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Kentucky Bar Association v. Niehaus

Supreme Court of Kentucky

February 20, 2018


          ENTERED: February 15, 2018.


         This matter came before the Board of Governors of the Kentucky Bar Association as a default case under Supreme Court Rule (SCR) 3.210 after Daniel Alan Niehaus[1] failed to respond to a charge of three separate violations of the Kentucky Rules of Professional Conduct. The Board found Niehaus guilty of violating all three rules, SCR 3.130(1.3)[2], (1.4)(a)(3)[3], and (1.16)(d)[4], and recommended a 181-day suspension, to be served consecutively with any pending discipline, a $2, 500 payment in restitution to his client, and payment of the costs of the proceeding, $1, 857.36, as required by SCR 3.450. We adopt the Board's recommendation and issue the recommended discipline.


         Niehaus agreed to represent Owen Burns in a post-divorce action regarding child custody and child support. Niehaus charged a $2, 500 retainer, which Burns paid with a credit card. Four days later, Niehaus contacted Burns, claiming that Niehaus had to "re-run" Burns's credit card because the charge failed to process. However, the first charge had processed, meaning that Burns had how paid Niehaus an additional $2, 500.

         Three days later, Burns alerted Niehaus to the double charge. After repeated inquiries by Burns, repeated false assurances from Niehaus, and a bounced check for $2, 500 given by Niehaus, Burns finally received the extra $2, 500 on January 22, 2016, three months after the initial double charge.

         During the pendency of Burns's case, Niehaus failed to respond to opposing counsel's discovery requests that were due mid-November of 2015, despite having presented Burns with opposing counsel's discovery requests and receiving the requested information from Burns sufficiently in advance of the deadline to achieve timely production. On November 24, 2015, Burns sent Niehaus a letter stating that the court had set a March 21, 2016, hearing date on Burns's case, attached copies of what purported to be the discovery, responses to opposing counsel signed by Niehaus, and attached a Motion for Child Support purportedly filed on Burns's behalf. But in addition to failing to respond to opposing counsel's discovery requests by the mid-November deadline, Niehaus never filed the Motion for Child Support. Niehaus's failure to respond to the discovery requests is highlighted by the February 16, 2016, hearing on opposing counsel's Motion to Compel the discovery opposing counsel requested of Niehaus but never received.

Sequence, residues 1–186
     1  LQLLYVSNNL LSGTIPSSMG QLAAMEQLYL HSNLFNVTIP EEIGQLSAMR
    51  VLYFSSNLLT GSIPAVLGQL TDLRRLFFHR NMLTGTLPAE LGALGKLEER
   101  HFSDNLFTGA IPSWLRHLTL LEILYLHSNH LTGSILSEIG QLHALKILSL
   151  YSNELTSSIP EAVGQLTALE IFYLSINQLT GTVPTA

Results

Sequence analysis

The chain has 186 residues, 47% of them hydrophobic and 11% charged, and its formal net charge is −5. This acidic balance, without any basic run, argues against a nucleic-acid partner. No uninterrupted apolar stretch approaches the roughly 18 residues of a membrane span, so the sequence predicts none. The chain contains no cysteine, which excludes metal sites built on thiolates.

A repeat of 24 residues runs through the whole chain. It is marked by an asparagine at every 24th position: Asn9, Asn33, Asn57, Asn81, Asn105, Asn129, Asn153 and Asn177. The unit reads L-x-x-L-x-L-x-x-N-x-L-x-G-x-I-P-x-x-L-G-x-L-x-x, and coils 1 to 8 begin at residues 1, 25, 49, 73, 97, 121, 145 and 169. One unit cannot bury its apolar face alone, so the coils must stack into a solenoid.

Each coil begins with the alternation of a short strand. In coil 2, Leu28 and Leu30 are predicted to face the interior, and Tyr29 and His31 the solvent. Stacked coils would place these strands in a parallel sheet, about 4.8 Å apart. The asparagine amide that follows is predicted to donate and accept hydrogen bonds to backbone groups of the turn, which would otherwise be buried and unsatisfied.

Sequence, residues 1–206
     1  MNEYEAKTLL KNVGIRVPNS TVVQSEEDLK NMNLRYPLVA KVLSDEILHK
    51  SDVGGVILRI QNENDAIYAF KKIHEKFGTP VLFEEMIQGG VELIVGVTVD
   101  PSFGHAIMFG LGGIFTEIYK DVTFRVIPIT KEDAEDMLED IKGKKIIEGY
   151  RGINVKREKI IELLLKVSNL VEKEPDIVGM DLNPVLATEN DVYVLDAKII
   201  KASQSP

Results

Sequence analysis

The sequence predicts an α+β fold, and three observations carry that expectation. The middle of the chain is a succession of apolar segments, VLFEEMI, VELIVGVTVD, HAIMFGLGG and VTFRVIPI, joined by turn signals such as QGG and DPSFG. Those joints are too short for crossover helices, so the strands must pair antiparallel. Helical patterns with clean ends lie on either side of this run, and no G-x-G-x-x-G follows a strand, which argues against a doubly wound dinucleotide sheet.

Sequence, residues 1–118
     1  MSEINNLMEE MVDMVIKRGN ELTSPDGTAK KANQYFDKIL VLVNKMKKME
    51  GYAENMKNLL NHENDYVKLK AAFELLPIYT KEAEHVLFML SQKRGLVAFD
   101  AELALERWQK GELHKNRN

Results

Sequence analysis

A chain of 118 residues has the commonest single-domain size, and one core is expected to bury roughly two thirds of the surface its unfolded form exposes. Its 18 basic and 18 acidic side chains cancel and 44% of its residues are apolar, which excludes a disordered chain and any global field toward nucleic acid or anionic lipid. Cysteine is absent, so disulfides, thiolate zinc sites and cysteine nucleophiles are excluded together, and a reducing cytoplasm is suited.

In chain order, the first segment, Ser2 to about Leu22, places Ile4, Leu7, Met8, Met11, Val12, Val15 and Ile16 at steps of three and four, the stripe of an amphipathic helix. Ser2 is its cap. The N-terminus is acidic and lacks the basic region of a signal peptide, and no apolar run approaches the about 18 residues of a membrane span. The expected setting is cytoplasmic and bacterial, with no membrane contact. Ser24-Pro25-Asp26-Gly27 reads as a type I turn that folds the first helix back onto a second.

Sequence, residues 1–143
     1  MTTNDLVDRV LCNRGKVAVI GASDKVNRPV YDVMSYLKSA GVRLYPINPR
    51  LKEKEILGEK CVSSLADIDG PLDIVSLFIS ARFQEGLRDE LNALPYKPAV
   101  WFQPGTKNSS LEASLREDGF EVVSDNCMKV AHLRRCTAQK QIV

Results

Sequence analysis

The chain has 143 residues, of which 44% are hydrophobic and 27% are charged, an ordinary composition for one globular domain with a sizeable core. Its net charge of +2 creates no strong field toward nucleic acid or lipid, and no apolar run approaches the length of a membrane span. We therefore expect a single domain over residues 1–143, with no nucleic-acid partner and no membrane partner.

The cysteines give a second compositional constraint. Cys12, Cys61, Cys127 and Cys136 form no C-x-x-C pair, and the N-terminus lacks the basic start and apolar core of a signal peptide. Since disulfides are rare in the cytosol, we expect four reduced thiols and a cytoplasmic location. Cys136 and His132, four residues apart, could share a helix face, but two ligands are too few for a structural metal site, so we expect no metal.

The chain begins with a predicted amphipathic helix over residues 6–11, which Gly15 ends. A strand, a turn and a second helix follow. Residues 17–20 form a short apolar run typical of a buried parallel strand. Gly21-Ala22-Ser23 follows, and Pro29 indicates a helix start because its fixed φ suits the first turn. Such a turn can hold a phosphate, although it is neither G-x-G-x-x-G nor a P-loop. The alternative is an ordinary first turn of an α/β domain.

Because Burns felt nervous and unprepared for the March 21, 2016, hearing, Burns sent a text message to Niehaus seeking a meeting to prepare for the hearing on March 16. Niehaus responded by falsely claiming that the March 21 hearing date had been moved to early May 2016. Luckily for Niehaus, opposing counsel filed a motion to reschedule the hearing date to June 9, 2016. Niehaus responded to the motion by sending the judge's secretary an email indicating he was available on June 9. However, Niehaus did not inform Burns of the rescheduled hearing despite several requests from Burns for an update on his case and whether a specific date had been set for the hearing.